Onions consistently make the lists of organic foods even the most ardent organic advocates don't recommend paying the extra money for; they have so many layers of skin that no pesticide, organic or synthetic, is getting through.

But it's still a market as long as people are willing to pay for a special sticker. And if you are in that market, there is good news; a new study of herbicides derived from clove oil tested the natural products' effectiveness in controlling weeds in Vidalia® sweet onion crops. Vidalia® sweet onion is a dry bulb onion grown in Georgia as a cool-season (winter) crop. 

"Cultivation with a tine weeder and hand weeding are the primary tools currently used for weed control in organic sweet onion (Allium ceps)," explained agronomist W. Carroll Johnson, III. "However, conditions frequently arise that delay the initial cultivation; weeds that emerge during the delay are not effectively controlled by cultivation."

Johnson tested herbicides derived from natural products as a way to control these emerged weeds in organic Vidalia® sweet onion production. Johnson said that, although these types of herbicide have been studied previously, the majority of the studies were performed on warm-season crops and weeds. 

To test the efficacy of the clove oil-derived herbicide, the researcher conducted irrigated field trials at the Vidalia Onion and Vegetable Research Center near Lyons, Georgia. One treatment factor was sprayer output volume, with the sprayer calibrated at 25 and 50 gallons/acre. Herbicide treatments were applied with a carbon dioxide-pressurized tractor-mounted plot sprayer using spray tips of differing sizes.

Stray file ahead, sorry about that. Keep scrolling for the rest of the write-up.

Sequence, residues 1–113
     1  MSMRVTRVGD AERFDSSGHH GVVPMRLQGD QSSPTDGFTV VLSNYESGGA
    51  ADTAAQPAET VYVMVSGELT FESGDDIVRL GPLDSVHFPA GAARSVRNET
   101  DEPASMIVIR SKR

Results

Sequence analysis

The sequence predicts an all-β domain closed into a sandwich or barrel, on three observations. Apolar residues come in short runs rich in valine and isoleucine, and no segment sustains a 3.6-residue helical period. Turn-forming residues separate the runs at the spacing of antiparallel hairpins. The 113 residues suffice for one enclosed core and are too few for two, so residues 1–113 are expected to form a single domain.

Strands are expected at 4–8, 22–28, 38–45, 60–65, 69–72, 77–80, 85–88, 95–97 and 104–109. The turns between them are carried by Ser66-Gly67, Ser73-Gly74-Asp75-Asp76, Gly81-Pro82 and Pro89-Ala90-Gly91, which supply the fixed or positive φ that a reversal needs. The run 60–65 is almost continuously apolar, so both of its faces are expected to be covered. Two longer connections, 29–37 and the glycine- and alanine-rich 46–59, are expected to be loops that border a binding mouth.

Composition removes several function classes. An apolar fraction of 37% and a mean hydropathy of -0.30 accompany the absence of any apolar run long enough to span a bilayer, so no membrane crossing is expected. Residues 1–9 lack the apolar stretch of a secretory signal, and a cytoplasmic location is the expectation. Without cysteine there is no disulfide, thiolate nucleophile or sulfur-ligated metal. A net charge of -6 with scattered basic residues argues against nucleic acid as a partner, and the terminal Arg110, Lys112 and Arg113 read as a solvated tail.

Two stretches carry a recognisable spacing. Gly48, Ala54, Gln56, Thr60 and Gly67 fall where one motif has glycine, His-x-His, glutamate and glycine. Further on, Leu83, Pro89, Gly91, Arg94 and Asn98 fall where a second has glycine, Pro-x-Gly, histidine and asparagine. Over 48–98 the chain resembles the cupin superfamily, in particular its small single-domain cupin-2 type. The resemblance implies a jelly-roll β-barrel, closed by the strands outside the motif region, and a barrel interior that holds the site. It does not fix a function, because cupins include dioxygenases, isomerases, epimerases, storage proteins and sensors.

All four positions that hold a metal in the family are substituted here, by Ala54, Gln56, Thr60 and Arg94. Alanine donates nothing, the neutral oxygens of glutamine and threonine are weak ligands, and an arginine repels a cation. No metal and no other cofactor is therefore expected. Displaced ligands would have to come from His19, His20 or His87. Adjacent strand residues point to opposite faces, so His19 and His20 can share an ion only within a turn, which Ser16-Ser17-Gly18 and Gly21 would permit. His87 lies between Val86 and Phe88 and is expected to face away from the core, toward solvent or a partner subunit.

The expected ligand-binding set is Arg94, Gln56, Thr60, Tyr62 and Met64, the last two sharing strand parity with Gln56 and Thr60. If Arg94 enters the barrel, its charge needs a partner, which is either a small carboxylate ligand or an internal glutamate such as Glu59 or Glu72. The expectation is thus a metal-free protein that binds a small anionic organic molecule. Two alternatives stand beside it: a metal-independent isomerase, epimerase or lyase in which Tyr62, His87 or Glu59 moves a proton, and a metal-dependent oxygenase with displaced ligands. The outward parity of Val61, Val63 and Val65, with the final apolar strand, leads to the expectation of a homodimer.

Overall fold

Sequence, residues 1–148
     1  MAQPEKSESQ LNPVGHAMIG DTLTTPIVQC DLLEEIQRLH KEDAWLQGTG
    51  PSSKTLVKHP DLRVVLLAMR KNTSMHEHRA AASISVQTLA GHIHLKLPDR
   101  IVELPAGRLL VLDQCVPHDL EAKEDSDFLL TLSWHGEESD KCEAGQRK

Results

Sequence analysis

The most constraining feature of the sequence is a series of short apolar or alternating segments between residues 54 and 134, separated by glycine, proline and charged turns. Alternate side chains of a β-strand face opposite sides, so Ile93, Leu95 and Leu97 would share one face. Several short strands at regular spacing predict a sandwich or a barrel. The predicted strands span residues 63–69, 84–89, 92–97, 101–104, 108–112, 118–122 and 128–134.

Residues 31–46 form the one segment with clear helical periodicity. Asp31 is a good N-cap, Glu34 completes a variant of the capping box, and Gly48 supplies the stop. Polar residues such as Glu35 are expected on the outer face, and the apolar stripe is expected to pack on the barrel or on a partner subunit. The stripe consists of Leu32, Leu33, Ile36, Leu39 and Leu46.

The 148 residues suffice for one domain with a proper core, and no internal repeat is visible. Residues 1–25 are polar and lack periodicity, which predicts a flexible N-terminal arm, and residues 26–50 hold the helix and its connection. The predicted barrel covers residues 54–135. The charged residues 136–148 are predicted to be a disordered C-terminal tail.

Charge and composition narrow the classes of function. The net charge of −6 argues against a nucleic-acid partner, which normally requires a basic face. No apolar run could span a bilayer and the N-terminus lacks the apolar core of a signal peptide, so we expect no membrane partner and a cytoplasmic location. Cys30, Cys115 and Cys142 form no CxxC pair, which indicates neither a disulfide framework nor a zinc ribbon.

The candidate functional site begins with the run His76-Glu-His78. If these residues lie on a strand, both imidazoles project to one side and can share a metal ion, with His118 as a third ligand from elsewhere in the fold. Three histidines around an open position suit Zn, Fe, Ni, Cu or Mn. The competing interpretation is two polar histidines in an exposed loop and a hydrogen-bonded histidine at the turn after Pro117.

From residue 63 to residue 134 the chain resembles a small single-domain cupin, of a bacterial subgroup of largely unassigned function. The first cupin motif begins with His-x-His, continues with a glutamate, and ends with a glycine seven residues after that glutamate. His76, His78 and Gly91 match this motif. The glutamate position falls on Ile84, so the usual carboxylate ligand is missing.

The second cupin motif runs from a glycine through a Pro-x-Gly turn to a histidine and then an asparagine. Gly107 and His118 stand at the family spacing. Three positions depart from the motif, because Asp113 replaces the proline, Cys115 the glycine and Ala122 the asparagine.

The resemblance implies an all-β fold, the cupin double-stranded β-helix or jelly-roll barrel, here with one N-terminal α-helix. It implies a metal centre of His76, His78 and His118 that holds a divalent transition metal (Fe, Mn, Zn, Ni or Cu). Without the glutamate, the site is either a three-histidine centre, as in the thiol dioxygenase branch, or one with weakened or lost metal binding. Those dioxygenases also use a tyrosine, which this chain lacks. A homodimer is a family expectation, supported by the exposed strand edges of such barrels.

The other treatment factor in the trials was adjuvants used with clove oil. An OMRI-listed clove oil herbicide was evaluated and applied at 10% by volume spray solution. The adjuvants for clove oil evaluated were a petroleum oil adjuvant at 1.25% by volume, a commercial product containing 20% citric acid at a rate of 0.375% by volume, a commercial adjuvant containing 20% saponins extracted from Yucca schidigera at 0.03% by volume, an emulsified petroleum insecticide at a rate of 1% by volume, clove oil alone (no adjuvant), and a nontreated control.

"The field experiments showed that weed control was not consistently improved by applying clove oil (10% by volume) with a sprayer calibrated at 50 gallons/acre compared with sprayer calibrated at 25 gallons/acre," Johnson said, adding that occasional improvements in weed control did not affect onion yield, and that adjuvants provided minimal improvement in weed control from clove oil and did not consistently improve onion yield. "All clove oil herbicide treatments, regardless of adjuvant, had difficulty in maintaining an emulsion in the spray tank and needed near-constant agitation. This tendency proved to be very problematic and suggests another disadvantage to using clove oil for weed control in certified organic crop production," Johnson noted.

"Given the lack of weed response and onion yields to clove oil applied in higher sprayer output volumes and the corresponding increase in clove oil cost when increasing sprayer output volume, we cannot recommend clove oil in organic Vidalia® sweet onion production systems," Johnson said.

The full report of the experiments was published in HortTechnology. Source: American Society for Horticultural Science